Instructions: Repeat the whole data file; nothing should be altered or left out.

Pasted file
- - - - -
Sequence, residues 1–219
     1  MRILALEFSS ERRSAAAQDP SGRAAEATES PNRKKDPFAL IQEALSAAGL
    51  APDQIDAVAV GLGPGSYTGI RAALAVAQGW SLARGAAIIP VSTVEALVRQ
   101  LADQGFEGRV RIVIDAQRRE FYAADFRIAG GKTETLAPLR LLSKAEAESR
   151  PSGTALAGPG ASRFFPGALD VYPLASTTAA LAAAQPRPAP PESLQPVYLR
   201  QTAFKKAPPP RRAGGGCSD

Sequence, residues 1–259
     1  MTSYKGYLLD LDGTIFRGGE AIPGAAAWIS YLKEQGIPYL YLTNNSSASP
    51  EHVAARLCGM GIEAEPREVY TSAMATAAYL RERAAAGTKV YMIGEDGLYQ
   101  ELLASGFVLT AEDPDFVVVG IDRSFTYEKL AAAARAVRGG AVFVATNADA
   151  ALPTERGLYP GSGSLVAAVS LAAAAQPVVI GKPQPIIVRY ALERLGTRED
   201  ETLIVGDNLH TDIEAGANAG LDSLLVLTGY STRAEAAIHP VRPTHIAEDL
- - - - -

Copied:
Sequence, residues 1–219
     1  MRILALEFSS ERRSAAAQDP SGRAAEATES PNRKKDPFAL IQEALSAAGL
    51  APDQIDAVAV GLGPGSYTGI RAALAVAQGW SLARGAAIIP VSTVEALVRQ
   101  LADQGFEGRV RIVIDAQRRE FYAADFRIAG GKTETLAPLR LLSKAEAESR
   151  PSGTALAGPG ASRFFPGALD VYPLASTTAA LAAAQPRPAP PESLQPVYLR
   201  QTAFKKAPPP RRAGGGCSD

Sequence, residues 1–259
     1  MTSYKGYLLD LDGTIFRGGE AIPGAAAWIS YLKEQGIPYL YLTNNSSASP
    51  EHVAARLCGM GIEAEPREVY TSAMATAAYL RERAAAGTKV YMIGEDGLYQ
   101  ELLASGFVLT AEDPDFVVVG IDRSFTYEKL AAAARAVRGG AVFVATNADA
   151  ALPTERGLYP GSGSLVAAVS LAAAAQPVVI GKPQPIIVRY ALERLGTRED
   201  ETLIVGDNLH TDIEAGANAG LDSLLVLTGY STRAEAAIHP VRPTHIAEDL